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abstract = "Background The aim of this study was to investigate the association between metabolic syndrome in the non-pregnant state and the development of preeclampsia. Methods We enrolled 212,463 Korean women who had their first delivery between January, 2011 and December, 2012 and had undergone a national health screening examination through the National Health Insurance during the 1-2 years before their first delivery. Women who had hypertension in the non-pregnant state were excluded. The presence of metabolic syndrome was defined using the modified criteria published in National Cholesterol Education Program Adult Treatment Panel III criteria. Results The prevalence of metabolic syndrome in non-pregnant state was 1.2{\%}. Preeclampsia developed in 3.1{\%} and its prevalence among women with and without metabolic syndrome was 7.3{\%} and 3.0{\%}, respectively. The pre-pregnancy prevalence of metabolic syndrome was higher in women who developed preeclampsia compared to that in those who had a normal pregnancy (1.1{\%} vs. 2.8{\%}; p < 0.001). On multivariate regression analysis, women with metabolic syndrome had an increased risk of developing preeclampsia (odds ratio: 1.48; 95{\%} CI: 1.26 to 1.74) compared to that in those without metabolic syndrome, after adjusting for age, family history of hypertension, smoking status, and pre-pregnancy body mass index. The risk of preeclampsia increased with a rise in the number of components of metabolic syndrome. Conclusion Metabolic syndrome in the non-pregnant state was associated with the development of preeclampsia. Further studies are needed to evaluate whether early intervention for metabolic syndrome before pregnancy can decrease the risk of developing preeclampsia.",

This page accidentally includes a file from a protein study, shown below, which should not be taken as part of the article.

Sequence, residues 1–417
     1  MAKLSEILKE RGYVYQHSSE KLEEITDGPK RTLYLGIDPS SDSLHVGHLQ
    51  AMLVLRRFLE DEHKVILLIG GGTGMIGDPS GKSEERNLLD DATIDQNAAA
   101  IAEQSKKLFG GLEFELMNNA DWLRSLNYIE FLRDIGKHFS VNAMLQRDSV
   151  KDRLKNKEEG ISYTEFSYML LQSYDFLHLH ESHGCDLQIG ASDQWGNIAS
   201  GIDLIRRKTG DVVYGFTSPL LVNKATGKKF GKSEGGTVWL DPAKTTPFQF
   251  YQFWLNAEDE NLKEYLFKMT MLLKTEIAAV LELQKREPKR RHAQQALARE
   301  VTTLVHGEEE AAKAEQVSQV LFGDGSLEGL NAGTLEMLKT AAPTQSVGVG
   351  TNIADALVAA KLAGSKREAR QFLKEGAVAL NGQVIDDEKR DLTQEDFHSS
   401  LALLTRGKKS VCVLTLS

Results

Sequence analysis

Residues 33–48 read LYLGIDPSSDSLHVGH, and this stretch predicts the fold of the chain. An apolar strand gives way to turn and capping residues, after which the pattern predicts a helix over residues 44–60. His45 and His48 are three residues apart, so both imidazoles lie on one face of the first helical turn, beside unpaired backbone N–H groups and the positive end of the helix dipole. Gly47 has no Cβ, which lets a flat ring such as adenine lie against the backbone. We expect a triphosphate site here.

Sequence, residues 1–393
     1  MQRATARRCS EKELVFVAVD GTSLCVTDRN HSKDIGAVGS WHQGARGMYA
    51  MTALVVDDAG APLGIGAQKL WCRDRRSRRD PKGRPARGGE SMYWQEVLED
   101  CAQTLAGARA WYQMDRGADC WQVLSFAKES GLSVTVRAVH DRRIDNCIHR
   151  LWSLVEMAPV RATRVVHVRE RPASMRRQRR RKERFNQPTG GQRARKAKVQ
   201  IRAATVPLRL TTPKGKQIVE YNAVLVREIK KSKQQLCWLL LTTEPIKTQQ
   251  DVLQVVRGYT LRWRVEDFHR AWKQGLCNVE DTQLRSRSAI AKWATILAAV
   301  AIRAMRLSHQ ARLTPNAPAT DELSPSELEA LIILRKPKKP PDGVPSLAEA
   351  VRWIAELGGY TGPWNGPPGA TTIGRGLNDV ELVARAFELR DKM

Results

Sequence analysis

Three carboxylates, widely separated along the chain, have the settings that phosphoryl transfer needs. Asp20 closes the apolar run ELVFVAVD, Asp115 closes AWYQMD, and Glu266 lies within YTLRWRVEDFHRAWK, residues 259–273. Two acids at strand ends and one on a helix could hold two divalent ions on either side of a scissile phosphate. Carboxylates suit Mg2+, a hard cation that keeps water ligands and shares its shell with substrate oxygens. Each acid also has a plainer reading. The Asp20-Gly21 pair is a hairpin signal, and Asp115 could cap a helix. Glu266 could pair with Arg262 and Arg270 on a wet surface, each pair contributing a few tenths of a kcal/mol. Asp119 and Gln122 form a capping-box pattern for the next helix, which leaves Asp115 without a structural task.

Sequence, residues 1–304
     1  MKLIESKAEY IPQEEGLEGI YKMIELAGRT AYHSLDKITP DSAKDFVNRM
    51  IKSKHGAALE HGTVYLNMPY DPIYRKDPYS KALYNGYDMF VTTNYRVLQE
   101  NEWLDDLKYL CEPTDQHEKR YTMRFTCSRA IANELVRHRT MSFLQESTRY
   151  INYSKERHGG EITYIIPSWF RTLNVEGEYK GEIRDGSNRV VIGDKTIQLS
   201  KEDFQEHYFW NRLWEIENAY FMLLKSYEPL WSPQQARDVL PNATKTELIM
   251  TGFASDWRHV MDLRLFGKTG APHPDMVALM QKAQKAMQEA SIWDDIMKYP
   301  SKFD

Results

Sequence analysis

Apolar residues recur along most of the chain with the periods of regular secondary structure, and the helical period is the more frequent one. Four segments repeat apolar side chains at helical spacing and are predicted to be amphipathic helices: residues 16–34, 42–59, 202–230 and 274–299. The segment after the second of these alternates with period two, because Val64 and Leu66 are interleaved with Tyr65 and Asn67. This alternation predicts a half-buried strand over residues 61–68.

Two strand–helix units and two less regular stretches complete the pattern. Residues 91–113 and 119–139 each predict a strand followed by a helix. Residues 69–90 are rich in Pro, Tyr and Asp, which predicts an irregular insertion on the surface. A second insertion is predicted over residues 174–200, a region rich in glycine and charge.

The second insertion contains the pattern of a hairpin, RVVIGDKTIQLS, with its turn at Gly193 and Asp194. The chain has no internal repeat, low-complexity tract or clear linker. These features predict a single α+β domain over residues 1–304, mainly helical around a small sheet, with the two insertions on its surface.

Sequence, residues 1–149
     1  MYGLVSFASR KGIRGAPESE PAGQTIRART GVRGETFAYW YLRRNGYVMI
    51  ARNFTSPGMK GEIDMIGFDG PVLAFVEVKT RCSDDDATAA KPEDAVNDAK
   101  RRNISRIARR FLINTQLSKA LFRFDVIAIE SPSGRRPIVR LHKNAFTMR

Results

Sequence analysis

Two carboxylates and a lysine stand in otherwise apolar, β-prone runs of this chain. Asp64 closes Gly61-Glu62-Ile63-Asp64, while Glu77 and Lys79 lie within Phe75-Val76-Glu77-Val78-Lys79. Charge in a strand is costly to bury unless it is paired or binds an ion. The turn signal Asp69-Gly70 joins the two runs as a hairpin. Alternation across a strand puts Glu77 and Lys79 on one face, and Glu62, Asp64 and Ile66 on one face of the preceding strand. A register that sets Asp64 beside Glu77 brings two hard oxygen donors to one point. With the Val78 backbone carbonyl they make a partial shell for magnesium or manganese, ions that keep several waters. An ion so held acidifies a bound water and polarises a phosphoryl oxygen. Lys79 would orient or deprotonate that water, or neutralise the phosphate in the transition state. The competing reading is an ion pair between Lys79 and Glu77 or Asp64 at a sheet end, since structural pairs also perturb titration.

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AU - Seo, Hong Seog

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AB - Background The aim of this study was to investigate the association between metabolic syndrome in the non-pregnant state and the development of preeclampsia. Methods We enrolled 212,463 Korean women who had their first delivery between January, 2011 and December, 2012 and had undergone a national health screening examination through the National Health Insurance during the 1-2 years before their first delivery. Women who had hypertension in the non-pregnant state were excluded. The presence of metabolic syndrome was defined using the modified criteria published in National Cholesterol Education Program Adult Treatment Panel III criteria. Results The prevalence of metabolic syndrome in non-pregnant state was 1.2%. Preeclampsia developed in 3.1% and its prevalence among women with and without metabolic syndrome was 7.3% and 3.0%, respectively. The pre-pregnancy prevalence of metabolic syndrome was higher in women who developed preeclampsia compared to that in those who had a normal pregnancy (1.1% vs. 2.8%; p < 0.001). On multivariate regression analysis, women with metabolic syndrome had an increased risk of developing preeclampsia (odds ratio: 1.48; 95% CI: 1.26 to 1.74) compared to that in those without metabolic syndrome, after adjusting for age, family history of hypertension, smoking status, and pre-pregnancy body mass index. The risk of preeclampsia increased with a rise in the number of components of metabolic syndrome. Conclusion Metabolic syndrome in the non-pregnant state was associated with the development of preeclampsia. Further studies are needed to evaluate whether early intervention for metabolic syndrome before pregnancy can decrease the risk of developing preeclampsia.